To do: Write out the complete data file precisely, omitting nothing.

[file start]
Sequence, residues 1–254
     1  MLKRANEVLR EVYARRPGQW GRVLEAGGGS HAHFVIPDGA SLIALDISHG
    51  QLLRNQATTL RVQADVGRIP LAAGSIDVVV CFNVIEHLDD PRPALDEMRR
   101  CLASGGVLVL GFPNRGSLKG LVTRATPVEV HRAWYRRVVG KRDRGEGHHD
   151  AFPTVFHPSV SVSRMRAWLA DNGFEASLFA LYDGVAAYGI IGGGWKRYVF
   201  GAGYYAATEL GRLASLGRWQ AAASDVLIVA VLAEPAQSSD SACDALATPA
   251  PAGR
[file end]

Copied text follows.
Sequence, residues 1–254
     1  MLKRANEVLR EVYARRPGQW GRVLEAGGGS HAHFVIPDGA SLIALDISHG
    51  QLLRNQATTL RVQADVGRIP LAAGSIDVVV CFNVIEHLDD PRPALDEMRR
   101  CLASGGVLVL GFPNRGSLKG LVTRATPVEV HRAWYRRVVG KRDRGEGHHD
   151  AFPTVFHPSV SVSRMRAWLA DNGFEASLFA LYDGVAAYGI IGGGWKRYVF
   201  GAGYYAATEL GRLASLGRWQ AAASDVLIVA VLAEPAQSSD SACDALATPA
   251  PAGR